Oil & Gas Editorial: Hibernation Cancelled - The Bear Moves East

Tim Haïdar

As the 8th BRICS Summit came to a close in Benaulim, Goa, India, a multi-billion dollar oil deal piqued the attention of the commodities world.

In the presence of political bigwigs from the five member states, a formal announcement was made of the sale of Indian company Essar Oil to Russia's Rosneft. A major player in the petroleum refining sector, Rosneft will purchase a 98 per cent stake in the Mumbai-based organisation for a sum of $10.9 billion.

The transaction will add some 145 million barrels per annum of refining capacity to Rosneft's portfolio, and the key asset of the 405,000 barrel per day (bpd) refinery at Vadinar in Gujurat. Access to Vadinar's deep sea port and 2,700 retail outlets across the nation will give the Russian petrogiant access to a wide-ranging extant sales base, and the potential for intranational and international expansion.

The timing and media exposure accorded the deal is far from coincidental: Russia is announcing a further pivot to the East.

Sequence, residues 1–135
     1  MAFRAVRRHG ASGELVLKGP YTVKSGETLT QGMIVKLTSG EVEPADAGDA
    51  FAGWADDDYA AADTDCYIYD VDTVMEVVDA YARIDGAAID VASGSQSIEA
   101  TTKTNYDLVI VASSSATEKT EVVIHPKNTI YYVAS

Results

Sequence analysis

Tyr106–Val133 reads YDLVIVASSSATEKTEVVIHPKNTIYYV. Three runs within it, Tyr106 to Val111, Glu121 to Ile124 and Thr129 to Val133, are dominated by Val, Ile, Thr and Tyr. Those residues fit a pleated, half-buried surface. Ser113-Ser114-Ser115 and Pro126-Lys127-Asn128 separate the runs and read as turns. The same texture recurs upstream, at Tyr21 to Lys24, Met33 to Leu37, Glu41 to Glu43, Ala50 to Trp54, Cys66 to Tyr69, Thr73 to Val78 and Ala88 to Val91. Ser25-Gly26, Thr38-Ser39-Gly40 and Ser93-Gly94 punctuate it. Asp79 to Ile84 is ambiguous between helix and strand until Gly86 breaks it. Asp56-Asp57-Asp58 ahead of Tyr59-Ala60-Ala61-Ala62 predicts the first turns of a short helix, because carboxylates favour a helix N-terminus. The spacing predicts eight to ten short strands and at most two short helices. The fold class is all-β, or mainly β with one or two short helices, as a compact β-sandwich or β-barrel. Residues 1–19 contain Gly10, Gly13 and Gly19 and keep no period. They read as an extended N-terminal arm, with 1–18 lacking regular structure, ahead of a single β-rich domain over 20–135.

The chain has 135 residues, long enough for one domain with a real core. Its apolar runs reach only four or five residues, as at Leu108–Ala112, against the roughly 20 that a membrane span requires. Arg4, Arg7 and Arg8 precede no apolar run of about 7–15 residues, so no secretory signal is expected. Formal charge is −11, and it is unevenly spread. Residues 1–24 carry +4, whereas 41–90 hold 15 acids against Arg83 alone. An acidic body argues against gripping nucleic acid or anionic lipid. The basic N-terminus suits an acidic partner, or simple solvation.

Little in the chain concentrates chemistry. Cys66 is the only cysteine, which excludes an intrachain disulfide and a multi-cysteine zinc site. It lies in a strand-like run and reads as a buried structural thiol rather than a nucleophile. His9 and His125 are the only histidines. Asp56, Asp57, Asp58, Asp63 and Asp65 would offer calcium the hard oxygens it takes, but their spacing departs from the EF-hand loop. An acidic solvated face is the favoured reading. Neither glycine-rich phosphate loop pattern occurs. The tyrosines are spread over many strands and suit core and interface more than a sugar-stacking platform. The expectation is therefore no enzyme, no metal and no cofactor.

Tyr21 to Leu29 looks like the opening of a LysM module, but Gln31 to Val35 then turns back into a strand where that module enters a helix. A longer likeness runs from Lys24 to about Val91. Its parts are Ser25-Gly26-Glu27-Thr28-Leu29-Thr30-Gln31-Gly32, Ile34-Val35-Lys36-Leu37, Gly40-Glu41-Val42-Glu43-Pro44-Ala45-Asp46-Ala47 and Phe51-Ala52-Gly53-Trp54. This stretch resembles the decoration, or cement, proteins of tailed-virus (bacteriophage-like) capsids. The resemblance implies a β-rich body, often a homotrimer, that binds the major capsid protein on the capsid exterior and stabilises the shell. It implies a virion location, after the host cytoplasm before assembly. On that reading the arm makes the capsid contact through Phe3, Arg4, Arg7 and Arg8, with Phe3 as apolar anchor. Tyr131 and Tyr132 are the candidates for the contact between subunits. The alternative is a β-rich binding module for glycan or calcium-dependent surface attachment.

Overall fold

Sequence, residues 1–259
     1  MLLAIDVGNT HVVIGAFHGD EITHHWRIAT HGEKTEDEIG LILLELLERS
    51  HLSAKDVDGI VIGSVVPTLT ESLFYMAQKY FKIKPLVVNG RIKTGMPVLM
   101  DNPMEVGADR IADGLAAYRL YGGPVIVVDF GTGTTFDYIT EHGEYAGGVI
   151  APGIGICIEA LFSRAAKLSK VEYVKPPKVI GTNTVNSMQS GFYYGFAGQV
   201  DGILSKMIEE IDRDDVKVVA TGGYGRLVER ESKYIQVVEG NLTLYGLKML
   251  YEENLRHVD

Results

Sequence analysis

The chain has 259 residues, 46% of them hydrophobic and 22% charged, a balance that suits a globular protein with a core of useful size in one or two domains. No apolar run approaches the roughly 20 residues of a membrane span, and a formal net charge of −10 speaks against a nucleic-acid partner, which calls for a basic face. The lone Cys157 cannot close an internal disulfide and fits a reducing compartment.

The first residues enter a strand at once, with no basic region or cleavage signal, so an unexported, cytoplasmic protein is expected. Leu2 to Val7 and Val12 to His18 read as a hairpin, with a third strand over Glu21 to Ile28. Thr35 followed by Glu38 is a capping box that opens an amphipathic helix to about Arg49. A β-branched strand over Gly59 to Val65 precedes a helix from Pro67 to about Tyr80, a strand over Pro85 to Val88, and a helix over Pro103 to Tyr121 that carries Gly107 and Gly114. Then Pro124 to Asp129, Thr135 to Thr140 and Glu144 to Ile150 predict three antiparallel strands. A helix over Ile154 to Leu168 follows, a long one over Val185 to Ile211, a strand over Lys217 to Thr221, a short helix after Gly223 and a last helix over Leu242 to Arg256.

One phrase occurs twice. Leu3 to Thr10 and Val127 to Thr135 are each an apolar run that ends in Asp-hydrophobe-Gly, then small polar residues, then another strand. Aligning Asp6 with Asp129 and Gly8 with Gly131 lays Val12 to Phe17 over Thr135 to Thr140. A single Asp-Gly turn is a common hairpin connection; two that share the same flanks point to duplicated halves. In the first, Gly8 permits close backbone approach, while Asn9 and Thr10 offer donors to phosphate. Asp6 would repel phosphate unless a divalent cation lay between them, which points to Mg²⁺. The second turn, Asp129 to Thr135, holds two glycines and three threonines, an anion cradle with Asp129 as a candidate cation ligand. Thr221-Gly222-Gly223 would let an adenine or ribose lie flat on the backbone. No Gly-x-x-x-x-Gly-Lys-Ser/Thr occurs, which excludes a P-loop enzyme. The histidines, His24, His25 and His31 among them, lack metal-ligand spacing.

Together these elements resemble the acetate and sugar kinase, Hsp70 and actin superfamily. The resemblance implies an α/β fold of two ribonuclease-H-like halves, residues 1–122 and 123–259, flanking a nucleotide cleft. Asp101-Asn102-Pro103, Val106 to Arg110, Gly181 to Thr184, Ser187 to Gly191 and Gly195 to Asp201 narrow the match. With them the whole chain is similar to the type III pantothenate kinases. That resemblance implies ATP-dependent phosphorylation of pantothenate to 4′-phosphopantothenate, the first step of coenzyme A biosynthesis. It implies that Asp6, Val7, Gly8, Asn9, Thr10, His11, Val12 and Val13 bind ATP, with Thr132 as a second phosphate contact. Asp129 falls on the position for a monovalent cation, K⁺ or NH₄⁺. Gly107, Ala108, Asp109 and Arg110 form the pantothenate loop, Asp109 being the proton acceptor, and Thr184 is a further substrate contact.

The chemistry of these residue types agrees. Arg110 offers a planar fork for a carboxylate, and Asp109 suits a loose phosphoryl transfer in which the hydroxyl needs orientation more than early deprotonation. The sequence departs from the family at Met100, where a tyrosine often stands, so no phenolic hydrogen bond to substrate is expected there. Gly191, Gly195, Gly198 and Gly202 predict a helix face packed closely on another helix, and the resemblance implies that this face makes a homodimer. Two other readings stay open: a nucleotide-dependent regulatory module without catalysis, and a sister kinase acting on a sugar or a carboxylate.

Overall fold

Crippled by two years of sub-$80 oil, the Kremlin is looking at India as a strategic growth opportunity. In June of this year, India surpassed Japan as the world's third largest oil consumer, guzzling 4.1 million barrels of the Black Gold every day. By 2040, that daily demand is set to grow to 10 million bpd.

Tainted by the stigma of actions in Ukraine and recent events in Syria's half-decade-long exercise in self-immolation, borscht and blinis are far from flavour of the month in the bistros and brasseries of the Western World.

Teetering on the precipice of pariahdom, Russia's latest eastward glance comes months after Moscow and Beijing signed a raft of energy deals in an ever-tightening Russo-Chinese economic pact. This calculated move East is also a statement of intent with regards to loosening the stranglehold of the Organisation of Petroleum Exporting Countries (OPEC) on Asian oil demand. The actions of the cartel have been paramount in the ruin of a Russian state exchequer dependent on hydrocarbons for 40 per cent of government revenue.

A chill wind is blowing in from Siberia, and the world may yet feel the icy talons of an enraged bear before the year is out....